“Cured yesterday of my disease, I died last night of my physician.”
–Matthew Prior, The Remedy Worse than the Disease (1714)
Before I write another word, I want to say that I believe in the efficacy of modern medicine. And I am positively excited by everything from genomes to hormones to mHealth. As any of you who have read my columns in the past few years knows, I am thoroughly convinced that the breakthroughs in quantum physics explain and enrich what many of us have seen, experienced, and understood about healing. I would like to think I am a thoroughly modern nurse.
That being said, I am distressed almost beyond words by the prevalence of greed among healthcare providers, evidenced by the appalling amount of overcharging and downright fraud in billing – and the unnecessary and even detrimental “care” that seems to be rampant in the healthcare system. According to the U.S. General Accounting Office and health insurance industry sources, between 3% and 10% of any state’s Medicaid budget is lost due to fraud and abuse. The federal Office of the Inspector General’s Medicaid Fraud Control Unit convicted 1,226 individuals in fiscal year 2006 and recovered more than $1.1 billion in court-ordered restitution, fines, civil settlements, and penalties. Additionally, due to health insurance fraud, 3,425 practitioners were excluded from participating in Medicare, Medicaid, and other federal healthcare programs. And that is in the State of California alone.
If this were all, it would be bad enough, but it is only the tip of the iceberg. It is this inevitable incorporation of greed into the collective unconscious that not only will undermine healthcare reform but will continue to increase healthcare costs until it is no longer a question of reform but survival.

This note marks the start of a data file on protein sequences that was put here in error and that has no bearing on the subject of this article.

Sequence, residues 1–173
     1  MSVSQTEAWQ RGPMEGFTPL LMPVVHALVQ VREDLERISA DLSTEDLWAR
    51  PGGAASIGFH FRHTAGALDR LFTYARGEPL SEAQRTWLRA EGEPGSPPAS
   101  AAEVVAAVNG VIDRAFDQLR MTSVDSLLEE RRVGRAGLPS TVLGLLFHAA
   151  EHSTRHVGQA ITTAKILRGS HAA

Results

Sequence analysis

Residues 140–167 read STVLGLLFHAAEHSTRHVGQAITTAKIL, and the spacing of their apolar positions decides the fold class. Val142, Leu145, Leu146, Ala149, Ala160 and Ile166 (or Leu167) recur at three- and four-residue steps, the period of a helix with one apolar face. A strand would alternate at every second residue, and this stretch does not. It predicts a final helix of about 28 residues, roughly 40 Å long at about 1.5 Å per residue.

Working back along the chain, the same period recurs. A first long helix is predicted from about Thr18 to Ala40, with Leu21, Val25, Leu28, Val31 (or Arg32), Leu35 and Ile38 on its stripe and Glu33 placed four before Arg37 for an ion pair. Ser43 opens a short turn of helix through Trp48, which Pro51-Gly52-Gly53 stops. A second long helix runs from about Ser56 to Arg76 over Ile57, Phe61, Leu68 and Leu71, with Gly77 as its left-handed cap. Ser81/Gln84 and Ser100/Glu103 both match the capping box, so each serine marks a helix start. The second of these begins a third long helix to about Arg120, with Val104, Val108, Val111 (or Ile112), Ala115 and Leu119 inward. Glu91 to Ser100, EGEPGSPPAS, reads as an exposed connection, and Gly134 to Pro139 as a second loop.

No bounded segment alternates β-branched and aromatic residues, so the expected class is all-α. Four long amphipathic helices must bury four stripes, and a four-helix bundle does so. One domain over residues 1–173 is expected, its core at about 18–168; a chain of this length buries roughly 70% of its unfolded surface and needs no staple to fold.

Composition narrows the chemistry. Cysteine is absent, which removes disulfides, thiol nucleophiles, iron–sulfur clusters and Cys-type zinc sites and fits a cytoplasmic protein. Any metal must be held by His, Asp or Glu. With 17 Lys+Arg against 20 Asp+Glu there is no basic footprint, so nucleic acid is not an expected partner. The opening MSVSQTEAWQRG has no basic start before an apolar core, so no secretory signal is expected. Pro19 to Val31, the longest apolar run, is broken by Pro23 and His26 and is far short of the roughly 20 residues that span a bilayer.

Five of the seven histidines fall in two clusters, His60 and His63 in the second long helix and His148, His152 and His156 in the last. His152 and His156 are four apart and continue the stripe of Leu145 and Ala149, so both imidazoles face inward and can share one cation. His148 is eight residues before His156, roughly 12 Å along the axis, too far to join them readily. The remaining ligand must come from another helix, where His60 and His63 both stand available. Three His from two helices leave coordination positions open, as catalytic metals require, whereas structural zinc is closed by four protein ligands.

What has this to do with you and me? Everything. Even if you don’t believe in the quantum dictum that “the act of observation participates in creating the reality,” almost everyone agrees that the only thing needed for evil to triumph is for good people to do nothing. So what this means is that you and I help create this situation merely by observing it—and doing nothing about it. We will be caught up in a vortex of greed. We will become like them: greedy vultures feeding off the sick and dying.
Brill S. Bitter pill: Why medical bills are killing us. Time Magazine. March 4, 2013. http://content.time.com/time/magazine/article/0,9171,2136864,00.html. Accessed January 31, 2014
Health Policy Brief: Reducing Waste in Health Care. Health Affairs. December 13, 2012. www.healthaffairs.org/healthpolicybriefs/brief.php?brief_id=82. Accessed January 31, 2014.
Schwartz M. Quantum Relationships. http://melschwartz.com/articles/Quantum%20Relationship.pdf. Accessed January 31, 2014.
Sweet L. Preventive Medicine and the Seven Deadly Sins: Avoiding Discipline Against your Medical License. Medical Board of California. www.mbc.ca.gov/Licensees/Seven_Deadly_Sins/Greed.aspx. Accessed January 31, 2014.